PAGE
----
In post-recession Manhattan, the rich are making nearly as much as they did before the economic disaster, while the poor are make the same or even less. The Census Bureau’s American Community Survey, released today, reveals that the top 5% in Manhattan took in $854,394 in the final year of Bloomberg’s administration, 88 times the amount of the poorest 20%. This makes Manhattan a place with the greatest wealth disparity in the United States.

The median income for New York households was $52,223, a slight rise, but still about $2,000 less than before the recession. Divided by race, the picture looks bleaker: whites had a median income of $75,145, while Hispanics, the poorest group, had $36,196.

Meanwhile, the poverty rate is holding steady, with about 1.7 million New Yorkers legally living in poverty. Poverty in New York City means “$11,170 for an individual and $23,050 for a family of four.”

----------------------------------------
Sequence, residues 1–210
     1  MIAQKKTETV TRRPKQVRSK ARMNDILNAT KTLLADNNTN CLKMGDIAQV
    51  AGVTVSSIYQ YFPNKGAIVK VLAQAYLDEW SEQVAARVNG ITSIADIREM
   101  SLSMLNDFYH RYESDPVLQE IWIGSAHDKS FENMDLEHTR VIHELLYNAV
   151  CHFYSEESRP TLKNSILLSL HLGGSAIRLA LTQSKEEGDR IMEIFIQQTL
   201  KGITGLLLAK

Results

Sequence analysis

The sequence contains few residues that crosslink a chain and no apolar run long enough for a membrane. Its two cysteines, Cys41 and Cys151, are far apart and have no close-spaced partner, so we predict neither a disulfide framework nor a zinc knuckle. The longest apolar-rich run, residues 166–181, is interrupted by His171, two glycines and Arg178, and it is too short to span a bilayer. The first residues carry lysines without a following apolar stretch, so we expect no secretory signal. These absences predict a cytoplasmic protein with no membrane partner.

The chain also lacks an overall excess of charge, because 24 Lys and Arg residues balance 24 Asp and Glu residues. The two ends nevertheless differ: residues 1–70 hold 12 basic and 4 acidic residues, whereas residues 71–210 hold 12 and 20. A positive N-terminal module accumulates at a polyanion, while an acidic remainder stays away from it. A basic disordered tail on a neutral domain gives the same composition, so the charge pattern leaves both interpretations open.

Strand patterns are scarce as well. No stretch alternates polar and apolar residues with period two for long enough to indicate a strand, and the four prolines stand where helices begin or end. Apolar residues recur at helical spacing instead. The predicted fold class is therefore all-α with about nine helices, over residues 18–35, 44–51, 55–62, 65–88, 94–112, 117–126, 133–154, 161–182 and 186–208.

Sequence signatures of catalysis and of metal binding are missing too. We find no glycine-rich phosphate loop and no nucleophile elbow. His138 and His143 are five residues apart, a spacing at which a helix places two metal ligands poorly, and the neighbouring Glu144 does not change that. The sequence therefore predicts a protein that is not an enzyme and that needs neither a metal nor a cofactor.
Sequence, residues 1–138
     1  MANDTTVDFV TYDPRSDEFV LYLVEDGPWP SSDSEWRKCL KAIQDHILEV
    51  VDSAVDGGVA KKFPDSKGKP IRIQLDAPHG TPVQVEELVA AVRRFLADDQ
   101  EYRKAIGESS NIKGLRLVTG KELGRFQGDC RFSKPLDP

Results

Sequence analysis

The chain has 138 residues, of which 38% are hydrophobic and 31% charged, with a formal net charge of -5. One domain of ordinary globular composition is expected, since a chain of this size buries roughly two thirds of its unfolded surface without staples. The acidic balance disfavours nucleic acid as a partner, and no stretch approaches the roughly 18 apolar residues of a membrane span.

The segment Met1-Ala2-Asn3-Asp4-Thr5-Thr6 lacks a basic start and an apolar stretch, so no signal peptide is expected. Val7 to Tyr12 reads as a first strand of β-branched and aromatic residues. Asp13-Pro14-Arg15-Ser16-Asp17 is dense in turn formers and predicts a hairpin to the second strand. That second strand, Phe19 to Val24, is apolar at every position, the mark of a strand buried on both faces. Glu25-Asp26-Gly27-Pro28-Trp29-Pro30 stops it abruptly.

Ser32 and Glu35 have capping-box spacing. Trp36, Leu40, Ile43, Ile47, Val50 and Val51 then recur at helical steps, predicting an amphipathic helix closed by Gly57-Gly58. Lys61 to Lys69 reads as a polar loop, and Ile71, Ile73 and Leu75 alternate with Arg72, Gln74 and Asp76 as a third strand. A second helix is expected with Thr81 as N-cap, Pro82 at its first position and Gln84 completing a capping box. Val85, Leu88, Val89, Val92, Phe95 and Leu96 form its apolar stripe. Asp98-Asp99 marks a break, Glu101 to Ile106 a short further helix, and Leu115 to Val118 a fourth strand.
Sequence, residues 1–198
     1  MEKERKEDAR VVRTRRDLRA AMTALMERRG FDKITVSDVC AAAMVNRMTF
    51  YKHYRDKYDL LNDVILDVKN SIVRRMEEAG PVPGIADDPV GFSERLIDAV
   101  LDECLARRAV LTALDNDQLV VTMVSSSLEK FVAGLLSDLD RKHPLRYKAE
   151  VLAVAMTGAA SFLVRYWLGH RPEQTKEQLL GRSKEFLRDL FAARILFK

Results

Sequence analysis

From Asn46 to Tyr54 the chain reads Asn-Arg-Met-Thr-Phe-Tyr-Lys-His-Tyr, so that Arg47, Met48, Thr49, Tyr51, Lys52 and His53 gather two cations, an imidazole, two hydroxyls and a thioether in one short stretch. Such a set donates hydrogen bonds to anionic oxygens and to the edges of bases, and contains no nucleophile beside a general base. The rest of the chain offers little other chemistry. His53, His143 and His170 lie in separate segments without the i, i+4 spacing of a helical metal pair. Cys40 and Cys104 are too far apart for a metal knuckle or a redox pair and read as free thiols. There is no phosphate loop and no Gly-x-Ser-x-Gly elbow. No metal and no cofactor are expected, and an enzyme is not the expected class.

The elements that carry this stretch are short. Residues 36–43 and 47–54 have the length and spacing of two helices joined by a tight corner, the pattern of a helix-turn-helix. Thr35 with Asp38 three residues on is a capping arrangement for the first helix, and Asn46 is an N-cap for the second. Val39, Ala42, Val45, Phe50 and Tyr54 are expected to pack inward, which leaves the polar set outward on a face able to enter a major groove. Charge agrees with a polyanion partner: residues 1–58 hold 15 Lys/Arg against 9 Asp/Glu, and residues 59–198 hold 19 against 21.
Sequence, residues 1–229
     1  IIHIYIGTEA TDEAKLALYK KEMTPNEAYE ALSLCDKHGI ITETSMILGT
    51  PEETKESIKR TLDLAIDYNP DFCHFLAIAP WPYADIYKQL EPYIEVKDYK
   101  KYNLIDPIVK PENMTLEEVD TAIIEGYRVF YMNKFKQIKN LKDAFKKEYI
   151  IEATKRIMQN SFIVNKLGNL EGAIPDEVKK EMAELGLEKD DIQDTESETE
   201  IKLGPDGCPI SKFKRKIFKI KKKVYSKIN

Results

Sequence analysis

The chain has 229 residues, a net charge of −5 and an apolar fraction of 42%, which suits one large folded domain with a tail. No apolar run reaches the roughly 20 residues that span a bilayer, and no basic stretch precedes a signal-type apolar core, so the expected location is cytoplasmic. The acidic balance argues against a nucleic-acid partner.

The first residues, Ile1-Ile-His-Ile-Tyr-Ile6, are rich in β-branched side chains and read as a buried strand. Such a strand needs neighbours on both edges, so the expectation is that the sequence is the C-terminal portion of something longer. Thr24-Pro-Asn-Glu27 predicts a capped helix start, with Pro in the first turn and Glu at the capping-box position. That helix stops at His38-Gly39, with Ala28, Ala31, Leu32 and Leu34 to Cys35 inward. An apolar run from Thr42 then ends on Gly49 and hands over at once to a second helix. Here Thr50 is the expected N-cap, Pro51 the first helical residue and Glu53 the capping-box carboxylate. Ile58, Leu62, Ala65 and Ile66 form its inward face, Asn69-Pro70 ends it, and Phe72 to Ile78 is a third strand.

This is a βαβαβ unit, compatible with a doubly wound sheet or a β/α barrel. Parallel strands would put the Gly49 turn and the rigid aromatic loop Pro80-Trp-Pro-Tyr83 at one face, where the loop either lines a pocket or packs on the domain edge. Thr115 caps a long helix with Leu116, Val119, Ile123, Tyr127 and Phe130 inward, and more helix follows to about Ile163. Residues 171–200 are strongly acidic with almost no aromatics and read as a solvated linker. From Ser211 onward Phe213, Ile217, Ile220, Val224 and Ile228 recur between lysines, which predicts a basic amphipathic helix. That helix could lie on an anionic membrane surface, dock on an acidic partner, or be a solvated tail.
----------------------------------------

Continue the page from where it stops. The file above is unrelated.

“The recovery seems to be going to those at the top, much more than those in the middle, while those at the bottom may even be losing ground,” said Andrew A. Beveridge, a sociologist at Queens College of the City University of New York. He attributed the disparity to the surging costs of housing and the lack of housing subsidies and other forms of public assistance available to many needy families.

David R. Jones, president of the Community Service Society, told the Times, “The escalation in rents is driving people to the wall.” The numbers are stark, with “45 percent of New York City households [saying] they spent 35 percent or more of their income on housing.” (Photo: Ias – initially)